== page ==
In 1972, Friedrich II appeared for the first time in a defa Film production. The film “The Stolen Battle” shows him as a feudal ruler who has no regard for the lives of the little people. GDR film critics described it as a satirical exaggeration. Manfred Krug received the National Award II Class for his portrayal of the antagonist Käsebier.
Erich Honecker marked the beginning of a momentous Change. His propaganda machine spread the theory of an “independent socialist nation GDR“ which was developing in contrast to the” imperialist nation” of the Federal Republic. In order to make this halfway plausible, a historical legitimisation was sought. And to the surprise of the public in West and East, they started with Prussia. Historical scholarship in the GDR was always guided by the state doctrine, so it was clear that a publication always reflected the opinion of the SED leadership. Already in 1976 there was a 5 Mark commemorative coin for the Freikorpsführer von Schill. Another step towards a socialist legend about Prussia.
There was a bang in 1979. The biography of Frederick the Great by East Berlin historian Ingrid Mitten set new standards. One could not ignore the not disregard or negate positive-progressive moments of Prussian history. Only nine years earlier, two GDR historians, Günter Vogler and Klaus Vetter, had repeatedly spoken of military despotism in Prussian History. Prussia, they said, was the precursor of National Socialis.
The management of GDR television had decided to make a television film on the occasion of Clausewitz’s 200th birthday that dealt with progressive tendencies in the history of Prussia and thus also with the work of the military reformer Clausewitz. Patriotism and fatherland were themes that the SED valued. “Clausewitz – Portrait of a Prussian General“ ran at prime time. There was no longer any talk of Prussia’s guilt for the crimes of the Nazi state.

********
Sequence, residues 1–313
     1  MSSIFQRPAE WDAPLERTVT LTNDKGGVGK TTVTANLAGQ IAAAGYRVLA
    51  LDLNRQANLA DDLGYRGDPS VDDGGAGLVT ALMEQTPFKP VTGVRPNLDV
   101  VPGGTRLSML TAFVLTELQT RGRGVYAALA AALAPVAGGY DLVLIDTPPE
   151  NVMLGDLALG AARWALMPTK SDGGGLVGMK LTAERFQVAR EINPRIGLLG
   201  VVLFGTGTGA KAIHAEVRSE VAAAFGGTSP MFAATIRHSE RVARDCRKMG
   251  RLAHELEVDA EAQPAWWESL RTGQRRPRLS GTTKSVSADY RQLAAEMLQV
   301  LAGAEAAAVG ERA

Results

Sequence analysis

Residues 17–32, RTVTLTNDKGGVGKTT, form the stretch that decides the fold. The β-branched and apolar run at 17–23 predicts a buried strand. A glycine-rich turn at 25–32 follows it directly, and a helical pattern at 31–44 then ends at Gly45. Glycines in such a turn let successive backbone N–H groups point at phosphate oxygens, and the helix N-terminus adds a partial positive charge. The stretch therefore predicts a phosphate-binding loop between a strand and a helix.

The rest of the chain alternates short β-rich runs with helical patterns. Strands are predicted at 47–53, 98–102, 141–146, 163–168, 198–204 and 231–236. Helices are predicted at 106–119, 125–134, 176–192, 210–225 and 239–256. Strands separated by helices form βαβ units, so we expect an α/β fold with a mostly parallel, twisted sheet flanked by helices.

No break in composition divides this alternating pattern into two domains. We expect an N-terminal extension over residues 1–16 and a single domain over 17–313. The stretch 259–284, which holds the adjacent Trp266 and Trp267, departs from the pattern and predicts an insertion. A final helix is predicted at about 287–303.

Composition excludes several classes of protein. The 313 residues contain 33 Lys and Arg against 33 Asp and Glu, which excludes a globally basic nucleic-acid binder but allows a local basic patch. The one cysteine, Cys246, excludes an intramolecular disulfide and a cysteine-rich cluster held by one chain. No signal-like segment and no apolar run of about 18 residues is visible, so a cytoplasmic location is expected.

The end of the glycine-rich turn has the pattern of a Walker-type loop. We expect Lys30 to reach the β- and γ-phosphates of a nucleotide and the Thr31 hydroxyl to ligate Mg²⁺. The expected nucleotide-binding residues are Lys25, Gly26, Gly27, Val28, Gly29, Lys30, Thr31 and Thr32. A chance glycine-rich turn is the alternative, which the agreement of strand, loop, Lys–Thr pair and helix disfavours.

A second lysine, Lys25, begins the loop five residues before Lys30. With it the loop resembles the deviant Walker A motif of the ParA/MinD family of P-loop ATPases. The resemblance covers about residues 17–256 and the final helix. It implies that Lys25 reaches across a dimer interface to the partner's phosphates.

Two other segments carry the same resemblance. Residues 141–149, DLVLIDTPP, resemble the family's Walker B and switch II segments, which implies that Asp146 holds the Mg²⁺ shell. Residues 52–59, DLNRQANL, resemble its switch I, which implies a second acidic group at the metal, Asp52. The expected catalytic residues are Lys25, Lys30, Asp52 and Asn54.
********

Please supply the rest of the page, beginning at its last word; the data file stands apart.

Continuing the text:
And the change continued. In 1980, Frederick the Great’s equestrian monument was reinstalled at its traditional location on Unter den Linden. Tourists have been able to visit it there ever since. Since 1947, Frederick II had been. the symbol of bellicose Prussia, now it was suddenly a historical reference point for the workers’ and farmers’ state.
Officially, the king in the GDR initially continued to be called only Frederick II, and the suffix “the Great” was not used. But after Erich Honecker called him Frederick the Great again in 1986 in an interview with a Swedish daily newspaper, probably by mistake, he was once again Frederick the Great in the GDR.
And more Prussians became socialist, Blücher and Gneisenau returned, their monuments were erected again.
1985 appeared the two-volume biography of Bismarck by the renowned historian Ernst Engelberg. The work went too far for some veteran SED functionaries. Bismarck, hitherto always apostrophised as the mortal enemy of the working class, warmonger and reactionary Junker, was now a man of ” imaginative and cleverly pondering, equally imaginative and refined politics”. A Bismarck as part of the GDR’s cultivation of tradition?